3 Note that the two-character codes used in Internet URLs (such as the "uk" in the URL of web site of the government of the United Kingdom: are ISO 3166-1 two-character country codes.

4 For example, in 1989 Burma changed its name to Myanmar and the ISO 3166-1 two-character code changed from BU to MM.

5 For example, Czechloslovakia (former ISO 3166-1 code CS) split in 1993 into the Czech Republic (ISO 3166-1 code CZ) and Slovakia (ISO 3166-1 code SK).

builds clinical information systems has implemented its understanding of the standard in its products.

Health Level Seven, Inc. created the first version of HL7 in 1987. Since then, it has continued to develop and maintain the HL7 message standard. Health Level Seven, Inc., became an American National Standards Institute (ANSI)-accredited standards-developing organization in 1994. It has 26 international affiliates, meaning that organizations in 26 countries are using the standard and contributing to its ongoing development. The American Veterinary Medical Association endorses HL7 for use in veterinary information systems. HL7 is not free; one purchases documents that specify the standards (members of HL7 receive a discount).

HL7 is event based, meaning that as soon as an information system completes a task, it generates and transmits an HL7 message to other information systems. For example, after a registration clerk registers a patient in the emergency department (ED), the registration computer transmits a message to other systems such as the laboratory and radiology information systems (to prepare them to receive orders or specimens for the patient). Figure 32.1 shows a typical de-identified ED registration message that hospitals send to the RODS biosurveillance system. Similarly, laboratory and radiology information systems transmit messages about test results as soon as the results become available. HL7 defines as "trigger events'' various tasks or transactions, including patient registration, orders, and results. HL7 defines nearly 90 types of messages. For each type of trigger event, HL7 specifies which data elements should be in a message, where they may be located in the message, and whether they are required versus optional.

Health Level Seven, Inc., began work on version 3 of HL7 in the late 1990s to remove the optionality present in the 2.x versions of HL7. The goal of version 3 is to improve interoperability of clinical information systems. Version 3 HL7 also includes a semantic model called the HL7 Reference Information Model or RIM (see below). HL7 has formally approved and released portions of the version 3 standard, including the HL7 RIM.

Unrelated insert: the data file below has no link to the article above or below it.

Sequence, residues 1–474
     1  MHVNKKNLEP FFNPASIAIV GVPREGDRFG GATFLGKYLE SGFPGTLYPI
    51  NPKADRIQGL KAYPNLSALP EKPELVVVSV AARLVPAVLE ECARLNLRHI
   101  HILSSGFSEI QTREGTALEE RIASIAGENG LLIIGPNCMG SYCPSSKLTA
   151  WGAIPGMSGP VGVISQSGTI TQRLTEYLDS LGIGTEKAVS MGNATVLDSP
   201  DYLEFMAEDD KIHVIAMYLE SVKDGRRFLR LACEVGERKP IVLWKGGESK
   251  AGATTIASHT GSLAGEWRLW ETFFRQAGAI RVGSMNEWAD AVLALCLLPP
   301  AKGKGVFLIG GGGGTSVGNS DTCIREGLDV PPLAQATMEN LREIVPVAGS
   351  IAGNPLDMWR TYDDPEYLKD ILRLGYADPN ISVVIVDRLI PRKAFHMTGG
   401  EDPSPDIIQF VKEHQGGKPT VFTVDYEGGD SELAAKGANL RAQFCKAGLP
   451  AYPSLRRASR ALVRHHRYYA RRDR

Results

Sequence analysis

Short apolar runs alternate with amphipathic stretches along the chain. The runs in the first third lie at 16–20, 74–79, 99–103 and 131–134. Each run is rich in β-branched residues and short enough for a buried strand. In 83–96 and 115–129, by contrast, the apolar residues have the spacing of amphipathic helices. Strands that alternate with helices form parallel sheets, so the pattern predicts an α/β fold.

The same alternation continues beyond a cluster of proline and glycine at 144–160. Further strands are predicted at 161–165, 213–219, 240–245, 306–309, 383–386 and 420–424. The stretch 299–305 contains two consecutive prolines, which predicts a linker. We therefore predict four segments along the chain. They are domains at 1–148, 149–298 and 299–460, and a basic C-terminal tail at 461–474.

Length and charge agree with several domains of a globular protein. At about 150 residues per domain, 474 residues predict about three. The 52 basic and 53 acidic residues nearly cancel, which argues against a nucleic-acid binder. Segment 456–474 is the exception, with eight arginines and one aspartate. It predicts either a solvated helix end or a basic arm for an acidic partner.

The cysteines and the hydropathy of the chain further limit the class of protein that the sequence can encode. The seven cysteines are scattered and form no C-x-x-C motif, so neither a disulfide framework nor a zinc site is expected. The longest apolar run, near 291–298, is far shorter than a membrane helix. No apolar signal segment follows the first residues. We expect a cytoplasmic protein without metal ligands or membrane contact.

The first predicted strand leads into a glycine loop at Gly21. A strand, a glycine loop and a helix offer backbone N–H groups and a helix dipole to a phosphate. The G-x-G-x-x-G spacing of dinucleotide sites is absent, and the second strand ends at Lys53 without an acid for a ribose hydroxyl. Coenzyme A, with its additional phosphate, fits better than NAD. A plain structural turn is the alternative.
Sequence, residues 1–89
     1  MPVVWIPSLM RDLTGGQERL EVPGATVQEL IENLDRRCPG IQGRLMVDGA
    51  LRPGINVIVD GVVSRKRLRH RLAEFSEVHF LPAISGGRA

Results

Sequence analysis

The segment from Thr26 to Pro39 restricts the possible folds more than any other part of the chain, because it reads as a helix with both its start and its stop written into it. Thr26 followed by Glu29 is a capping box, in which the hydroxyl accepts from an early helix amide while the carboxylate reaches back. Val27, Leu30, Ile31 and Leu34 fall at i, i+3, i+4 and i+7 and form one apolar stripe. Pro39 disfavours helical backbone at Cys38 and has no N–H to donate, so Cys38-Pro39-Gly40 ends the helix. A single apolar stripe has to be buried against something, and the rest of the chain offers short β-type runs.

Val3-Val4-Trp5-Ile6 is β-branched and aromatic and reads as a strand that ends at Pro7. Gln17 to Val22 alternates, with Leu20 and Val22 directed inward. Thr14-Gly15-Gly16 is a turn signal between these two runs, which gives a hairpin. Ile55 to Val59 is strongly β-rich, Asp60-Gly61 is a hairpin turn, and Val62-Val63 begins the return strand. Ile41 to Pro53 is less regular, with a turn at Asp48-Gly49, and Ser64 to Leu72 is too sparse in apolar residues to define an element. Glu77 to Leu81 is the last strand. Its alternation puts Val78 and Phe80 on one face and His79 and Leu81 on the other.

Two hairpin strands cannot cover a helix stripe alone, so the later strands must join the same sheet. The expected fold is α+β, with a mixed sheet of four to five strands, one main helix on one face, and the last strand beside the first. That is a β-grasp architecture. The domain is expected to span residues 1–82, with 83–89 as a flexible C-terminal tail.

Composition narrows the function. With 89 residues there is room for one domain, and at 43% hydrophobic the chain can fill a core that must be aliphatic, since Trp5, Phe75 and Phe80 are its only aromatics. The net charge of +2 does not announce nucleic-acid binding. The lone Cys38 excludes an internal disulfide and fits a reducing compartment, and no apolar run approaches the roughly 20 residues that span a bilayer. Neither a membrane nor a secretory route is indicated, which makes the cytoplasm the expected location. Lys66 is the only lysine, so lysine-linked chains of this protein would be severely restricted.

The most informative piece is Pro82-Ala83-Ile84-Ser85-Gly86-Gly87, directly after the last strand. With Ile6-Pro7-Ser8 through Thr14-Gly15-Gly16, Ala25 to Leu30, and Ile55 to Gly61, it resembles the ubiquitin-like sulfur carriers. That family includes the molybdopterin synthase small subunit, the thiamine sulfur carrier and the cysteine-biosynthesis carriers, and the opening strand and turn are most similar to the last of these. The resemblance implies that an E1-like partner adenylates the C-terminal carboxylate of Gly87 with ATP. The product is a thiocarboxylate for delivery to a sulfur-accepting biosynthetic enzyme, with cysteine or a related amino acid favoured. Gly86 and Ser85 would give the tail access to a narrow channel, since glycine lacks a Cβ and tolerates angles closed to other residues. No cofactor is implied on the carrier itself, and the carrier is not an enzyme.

If you are building a biosurveillance system that connects to hospitals, it is a certainty that you will encounter HL7. It is the most widely implemented language standard in health care.

As with SNOMED-CT and LOINC, however, it will be several years before you encounter healthcare organizations that are capable of transmitting data by using version 3.0 of HL7. Vendors only recently have begun implementing HL7 version 3.0 in new versions of their products, and healthcare organizations still must then upgrade to those new versions and use version 3.0 of HL7 in place of version 2.x.

4.2.2. Accredited Standards Committee X12 Insurance Claims Standards

Standards of the Accredited Standards Committee X12 (ASC X12) are message format standards for information systems in a number of industries. The X12N subcommittee of ASC X12 creates standards for insurance transactions. ASC X12 standards are not free; one must purchase the documents that specify the standards.

We mention ASC X12 here because the Department of Health and Human Services has mandated ASC X12 standards for the submission of healthcare insurance claims as part of the administrative simplification provisions of the Health Insurance Portability and Accountability Act. Developers of biosurveillance systems may thus encounter ASC X12 when using claims data from physician offices or hospitals for surveillance.

ASC X12 has signed memoranda with Health Level Seven, Inc., and the National Council on Prescription Drug Programs (see below) to ensure that its standards do not overlap and/or are compatible with the standards of those organizations.

4.2.3. Pharmacy Claims Standards

The standards of the National Council for Prescription Drug Programs (NCPDP) are message format standards for transmitting data as part of commercial pharmacy operations. The Batch Transaction and Telecommunications standards are message formats for submitting claims to healthcare insurance

MSHiA--\&j|ixx||RODS|2Q0202241715| ADTAA04i2Ö02022XXXXXXXX!P}2.3<C R>

PVl||E||||l||||||||||||98765432|||||]||||||l||[||||||||200202XXXXXXXi|<CR> DG1IIICARBON MONOXIDE EXPOSURE<CR>

INI|!lll|||||!l||[ll|||||ll|||lll!l||ll|||Hlir^84056<CR> <ETX>

figure 32.1 A typical HL7 message for transmitting chief complaint data to the RODS biosurveillance system. The message contains date of service (February 24,2002 at 17:15 hours), message type (ADT 04 standing for emergency department registration), patient age (20), gender (M), chief complaint (CARBON MONOXIDE EXPOSURE), and home zip code of patient (84056).

companies on behalf of individuals with prescription-drug coverage. The SCRIPT standard is a message format standard for transmitting electronically prescriptions from a physician's office to a pharmacy.